I hope you can join me for my artist talk about my next project "Road to Recovery," based on my own breast cancer journey.

I will tell my story and project the drawings I created during my diagnosis and following treatments.

Event: Thursday, October 12, between 6-8 pm (event starts at 6:30 pm) at

The Embassy of Sweden,  2900 K Street NW, Washington, DC 20007

Please remember to register 

Click here to attend

Anna18.jpg

Witnesses by Anna U Davis at The Embassy of Sweden in Washington DC opening September 7, 2017

Exhibition Opening - Witnesses by Anna U Davis

4.AnnaUDavis.TheCalmWithinTheStorm .jpeg

Welcome to the opening of our new exhibition "Witnesses" by Anna U Davis
Thursday, September 7 at 7:00 PM in House of Sweden
Doors open 6:30 PM. Event start 7:00 PM


Anna U Davis is known for her bold, colorful, graphic mixed-media work, where she explores her fascination with gender relations. She has been awarded multiple DC Commission on the Arts and Humanities Artist Fellowships and a grant from the Pollock-Krasner Foundation in NY for her upcoming project "Road to Recovery". Her work can be found in public and private collections in the United States and Europe. Davis currently resides and works in Washington, D.C. Join us in House of Sweden for the opening event, meet Anna and explore her work.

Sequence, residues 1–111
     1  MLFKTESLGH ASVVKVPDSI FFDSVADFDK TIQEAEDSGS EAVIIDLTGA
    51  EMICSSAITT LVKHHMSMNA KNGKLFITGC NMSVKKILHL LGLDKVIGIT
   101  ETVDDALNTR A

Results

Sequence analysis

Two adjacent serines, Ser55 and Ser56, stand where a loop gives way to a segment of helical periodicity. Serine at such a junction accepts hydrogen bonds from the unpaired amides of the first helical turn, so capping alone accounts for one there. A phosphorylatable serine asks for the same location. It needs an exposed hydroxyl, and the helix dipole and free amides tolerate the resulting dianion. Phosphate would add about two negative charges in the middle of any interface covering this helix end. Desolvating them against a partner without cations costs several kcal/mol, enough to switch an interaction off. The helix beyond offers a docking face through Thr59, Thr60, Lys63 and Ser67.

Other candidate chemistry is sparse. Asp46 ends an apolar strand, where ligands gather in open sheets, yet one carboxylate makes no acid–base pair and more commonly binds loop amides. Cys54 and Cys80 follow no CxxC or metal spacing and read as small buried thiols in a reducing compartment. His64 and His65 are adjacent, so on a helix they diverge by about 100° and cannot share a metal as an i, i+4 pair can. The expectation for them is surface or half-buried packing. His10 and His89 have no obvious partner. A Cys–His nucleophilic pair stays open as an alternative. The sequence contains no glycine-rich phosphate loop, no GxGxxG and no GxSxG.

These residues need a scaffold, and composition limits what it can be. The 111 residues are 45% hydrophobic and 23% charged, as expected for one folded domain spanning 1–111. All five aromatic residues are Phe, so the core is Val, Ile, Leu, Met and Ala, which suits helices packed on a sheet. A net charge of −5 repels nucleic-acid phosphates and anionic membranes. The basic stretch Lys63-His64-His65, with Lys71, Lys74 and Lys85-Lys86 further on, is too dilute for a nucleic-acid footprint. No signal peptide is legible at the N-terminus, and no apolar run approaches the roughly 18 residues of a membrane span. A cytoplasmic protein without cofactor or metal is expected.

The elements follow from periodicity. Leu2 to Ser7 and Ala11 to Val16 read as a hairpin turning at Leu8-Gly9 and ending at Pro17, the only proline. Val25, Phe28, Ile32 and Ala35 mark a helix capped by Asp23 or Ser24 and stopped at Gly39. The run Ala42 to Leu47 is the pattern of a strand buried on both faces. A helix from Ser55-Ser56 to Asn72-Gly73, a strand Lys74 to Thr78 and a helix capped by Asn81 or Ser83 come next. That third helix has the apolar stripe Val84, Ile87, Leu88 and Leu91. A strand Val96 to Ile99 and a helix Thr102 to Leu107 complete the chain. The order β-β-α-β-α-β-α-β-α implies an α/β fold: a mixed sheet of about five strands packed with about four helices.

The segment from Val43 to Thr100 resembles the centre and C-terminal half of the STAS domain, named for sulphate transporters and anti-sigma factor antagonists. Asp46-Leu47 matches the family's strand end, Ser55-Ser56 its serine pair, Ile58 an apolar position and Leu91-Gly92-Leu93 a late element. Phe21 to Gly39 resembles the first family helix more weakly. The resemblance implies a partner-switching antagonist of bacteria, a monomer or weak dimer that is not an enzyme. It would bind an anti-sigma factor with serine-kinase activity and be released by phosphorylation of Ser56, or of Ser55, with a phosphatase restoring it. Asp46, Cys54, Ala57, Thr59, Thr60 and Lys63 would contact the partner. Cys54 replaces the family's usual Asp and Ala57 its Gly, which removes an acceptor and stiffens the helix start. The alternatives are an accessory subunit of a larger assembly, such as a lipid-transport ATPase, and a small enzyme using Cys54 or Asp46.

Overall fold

Anna U Davis About the Exhibition
Why are we Curious, Passionate, Suspicious, Jealous, Conscientious, Self-conscious, Unsure, Calm, Insecure, Balanced, Mature and Independent? We tend to think of personality traits as good or bad, but where does these features stem from? Can you narrow down a specific character's origin to one specific moment? Or is a personality conceived after a repeated pattern of experiences? Could I figure out specific events in my own life, that molded my continuous quest in exploring my role as a woman in this World? My craving to investigate not only the struggles and challenges we face as women, but the qualities that makes us equal and empowered. In preparation for this project, I decided to conduct an assessment test, which I handed out to family, and friends, in order to figure out my most prominent character traits. From the data collected and from a period of contemplation and discussion, I was able to conceive a series of black and white drawings based on experiences that seemed to have implemented these different personality traits. In the exhibit “Witnesses” I have transformed the black and white drawings into mixed media paintings and sculptures.